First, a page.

Ramendra Nath Dutt, J. -
(1.)One consignment of 215 bags of groundnut was booked from Shrimadhopur in Rajasthan for carriage to Howrah under Railway receipt No. 31306. The Petitioner as an endorsee of the Railway receipt for valuable consideration took delivery of the consignment from Howrah on January 21, 1966. The consignment was delivered 2 quintals 75 kgs. short. The Petitioner claimed compensation for the short delivery at Rs. 383 -13 P. The Petitioner further alleged that the goods were actually received at Howrah on December 21, 1965, but the goods were not delivered to him till January 21, 1966, due to negligence or misconduct on the part of the Railway administration. But between December 21, 1965 and January 21, 1966, there was a fall in the price of groundnuts in the Calcutta markets and due to such fall the Petitioner claimed compensation for Rs. 11,410'95 P. The Union of India resisted the claim. The Judge, Small Cause Court, decreed the claim for short delivery, that is, decreed the suit for Rs. 38313 P. but disallowed the claim for compensation for the alleged fall in price, namely, the claim for Rs. 11,410 -95 P. The Petitioner filed an application before the Full Bench of the Presidency Small Cause Court, Calcutta, under Sec. 38 of the Presidency Small Cause Courts Act. The Full Bench dismissed the application. The Petitioner thereafter obtained this Rule.
(2.)The claim for compensation for the alleged fall in price was made under Sec. 76 of the Railways Act. The learned Judge, Small Cause Court, found that the Petitioner could not claim under Sec. 76 of the Act compensation for fall in price of the goods under the alleged circumstances. The Full Bench has not considered that aspect of the matter but has found that the Petitioner failed to prove the extent of the fall, if any, in the price of the goods in question during the aforesaid period and so, the Petitioner's claim was dismissed. Mr. Choudhury places the relevant materials on record before me. The finding of the Full Bench on this point is a finding on a question of fact. Still, I have looked into the materials on record, but I am not prepared to say that the Full Bench made the finding without evidence. It is not now disputed that the goods were received by the Railway administration at Howrah on December 21, 1965 and the goods were delivered to the Petitioner on January 21, 1966. The Petitioner examined himself. He stated that during this period there was a fall of price by Rs. 18 -19 P. per quintal. This is just an oral statement. The Petitioner has not produced his account books to show when he actually sold the goods received under this consignment and at what price the goods were sold. The Petitioner examined one other witness, Manoharlal Agarwal, to prove the fall in price. He is said to be an employee of Messrs Biswanath Trading Co. He has said that the price of groundnut on December 20, 1965, was Rs. 13614 P. per quintal, the price on December 23, 1965, was Rs. 135 -30 P. per quintal, on January 17, 1966, the price was Rs. 121 -57 per quintal and on January 20, 1966, the price was Rs. 12208 P. per quintal. He has proved certain bills of Messrs. Biswanath Trading Co. He has not said that he effected the transactions in question, but he proves the handwriting of one Ramlal who wrote the bills. Clearly, therefore, this witness has no personal knowledge about the actual price prevalent on those dates. Furthermore, the bill book contains some 26 bills and these relate to a period from 1964 to 1968 or, in other words, the firm had 28 transactions in some four years. The transactions or the bills of such a firm are not much dependable. Furthermore, this witness has admitted that the price of groundnut differs in accordance with the quality. There is no evidence that the transactions evidenced by these bills relate to the same variety of groundnuts as was received under this consignment. It is not even said that the said groundnuts were also from Shrimadhopur in Rajasthan. Such is the state of evidence and on a consideration of this evidence the Full Bench has held that the Petitioner could not prove the actual fall in price of groundnut of the variety that was received by the Petitioner under this consignment. On a consideration of the materials which I have discussed I do not propose to interfere with the finding.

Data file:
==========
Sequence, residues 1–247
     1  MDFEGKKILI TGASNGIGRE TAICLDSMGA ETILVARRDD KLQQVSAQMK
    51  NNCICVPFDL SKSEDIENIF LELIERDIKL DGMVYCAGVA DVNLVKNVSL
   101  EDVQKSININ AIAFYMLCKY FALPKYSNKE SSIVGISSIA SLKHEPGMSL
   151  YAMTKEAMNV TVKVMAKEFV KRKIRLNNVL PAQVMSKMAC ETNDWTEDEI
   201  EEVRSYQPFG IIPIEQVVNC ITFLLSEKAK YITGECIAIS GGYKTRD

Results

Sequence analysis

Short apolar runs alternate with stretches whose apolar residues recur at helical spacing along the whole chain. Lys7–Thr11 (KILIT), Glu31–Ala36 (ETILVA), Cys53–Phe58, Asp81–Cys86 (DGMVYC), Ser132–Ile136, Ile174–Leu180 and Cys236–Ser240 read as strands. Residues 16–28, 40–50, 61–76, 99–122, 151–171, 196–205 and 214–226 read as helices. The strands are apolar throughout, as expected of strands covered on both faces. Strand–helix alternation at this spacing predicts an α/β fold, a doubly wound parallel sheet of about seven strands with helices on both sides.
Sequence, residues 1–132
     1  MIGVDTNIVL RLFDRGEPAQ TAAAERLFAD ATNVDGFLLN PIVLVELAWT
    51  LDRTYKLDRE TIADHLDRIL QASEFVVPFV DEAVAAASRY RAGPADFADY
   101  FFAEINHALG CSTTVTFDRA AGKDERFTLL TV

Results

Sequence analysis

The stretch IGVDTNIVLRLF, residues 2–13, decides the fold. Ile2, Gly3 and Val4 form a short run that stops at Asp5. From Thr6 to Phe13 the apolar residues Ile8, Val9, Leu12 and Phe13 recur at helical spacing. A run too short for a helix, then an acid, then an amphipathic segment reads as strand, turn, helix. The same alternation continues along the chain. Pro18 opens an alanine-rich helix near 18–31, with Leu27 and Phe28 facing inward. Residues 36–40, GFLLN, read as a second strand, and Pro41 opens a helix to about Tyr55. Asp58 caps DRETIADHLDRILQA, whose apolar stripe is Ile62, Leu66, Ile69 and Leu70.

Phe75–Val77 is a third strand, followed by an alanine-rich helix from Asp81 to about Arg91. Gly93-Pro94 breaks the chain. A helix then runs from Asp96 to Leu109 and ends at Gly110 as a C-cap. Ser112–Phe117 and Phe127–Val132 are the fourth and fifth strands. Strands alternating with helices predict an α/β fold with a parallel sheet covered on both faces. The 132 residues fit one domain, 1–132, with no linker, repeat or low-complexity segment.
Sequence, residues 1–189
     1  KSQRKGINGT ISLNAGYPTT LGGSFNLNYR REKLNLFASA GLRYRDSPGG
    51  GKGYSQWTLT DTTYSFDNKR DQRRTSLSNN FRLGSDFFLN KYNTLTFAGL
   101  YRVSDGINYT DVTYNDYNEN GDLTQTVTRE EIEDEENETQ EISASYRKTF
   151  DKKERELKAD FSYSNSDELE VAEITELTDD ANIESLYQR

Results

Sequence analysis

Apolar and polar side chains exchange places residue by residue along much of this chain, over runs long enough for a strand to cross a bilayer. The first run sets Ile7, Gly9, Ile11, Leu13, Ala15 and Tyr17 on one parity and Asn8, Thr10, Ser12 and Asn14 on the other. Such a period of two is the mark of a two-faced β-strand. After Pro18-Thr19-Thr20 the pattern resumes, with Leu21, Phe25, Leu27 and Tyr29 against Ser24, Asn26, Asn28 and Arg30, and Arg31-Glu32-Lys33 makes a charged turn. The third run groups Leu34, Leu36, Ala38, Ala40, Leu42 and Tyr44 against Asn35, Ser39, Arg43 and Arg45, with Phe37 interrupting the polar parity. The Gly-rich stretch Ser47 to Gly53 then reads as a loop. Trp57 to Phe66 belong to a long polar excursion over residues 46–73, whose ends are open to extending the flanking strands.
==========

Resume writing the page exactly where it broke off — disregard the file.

(3.)Since I do not interfere with this finding of fact, the Rule must be discharged. But, it also seems to me that no compensation can be claimed under Sec. 76 of the Act for such fall in the price of the goods in the aforesaid circumstances. Sec. 76 of the Act states that the Railway administration shall be responsible for loss, destruction, damage or deterioration of goods in their carriage. What does the word 'deterioration' mean? Does it mean deterioration in the condition of the goods and in consequence, the owner gets a lesser price or it means also deterioration in the sense of deterioration in the market price of the goods? Mr. Choudhury refers to a decision of the Orissa High Court in Union of India and Ors. v/s. Sheobux Satyanarayan, A.I.R. 1963 Oris. 68 where a Single Judge of the Orissa High Court has held that the word 'deterioration' is wide enough to include depreciation in value on account of a fall in the price of the goods. Mr. Choudhury then refers to a decision of the Patna High Court where again a Single Judge has held in Union of India v/s. Madanlal Kejriwal and Ors. : A.I.R. 1968 Pat. 94 that a claim for compensation on account of fall in market price is sustainable under Sec. 76 of the Act. Finally, Mr. Choudhury refers to a decision of the Punjab High Court in Union of India v/s. Panipat Woollen and General Mills Co. Ltd. : A.I.R. 1967 P&H. 497 where it has been held that compensation for loss due to fall in price on account of delay in delivery is sustainable. The decisions of the Punjab and Orissa High Courts relate to a period before the amendment of the Railways Act in 1961. The Patna High Court's decision is no doubt in respect of the amended law in 1961, but it has not considered Sec. 76 in terms, but it has considered Sec. 78(d) of the Act. When we look to the language of Sec. 76, it seems to me to be clear that what is meant by deterioration is not deterioration in price of the goods but deterioration of the goods themselves or, in other words, there must be deterioration in the condition of the goods due to delay in delivery and if because of such deterioration in the condition of the goods the consignee incurs a loss on account, of sale at a lesser price, he would be entitled to compensation from the Railway administration. The decision of the Supreme Court in Governor -General in Council now Union of India v/s. Musaddi Lal : A.I.R. 1961 S.C. 725 in respect of the meaning of the expression loss, destruction or deterioration' supports me in this interpretation which is also otherwise clear from the language used in Sec. 76 of the Act. Thus, I think that unless there is deterioration in the condition of the goods, the consignee cannot claim compensation under Sec. 76 of the Act for delay in delivery of the goods. That being the position in law, the Petitioner's claim in the instant case for compensation for fall in the price of the goods has been rightly dismissed.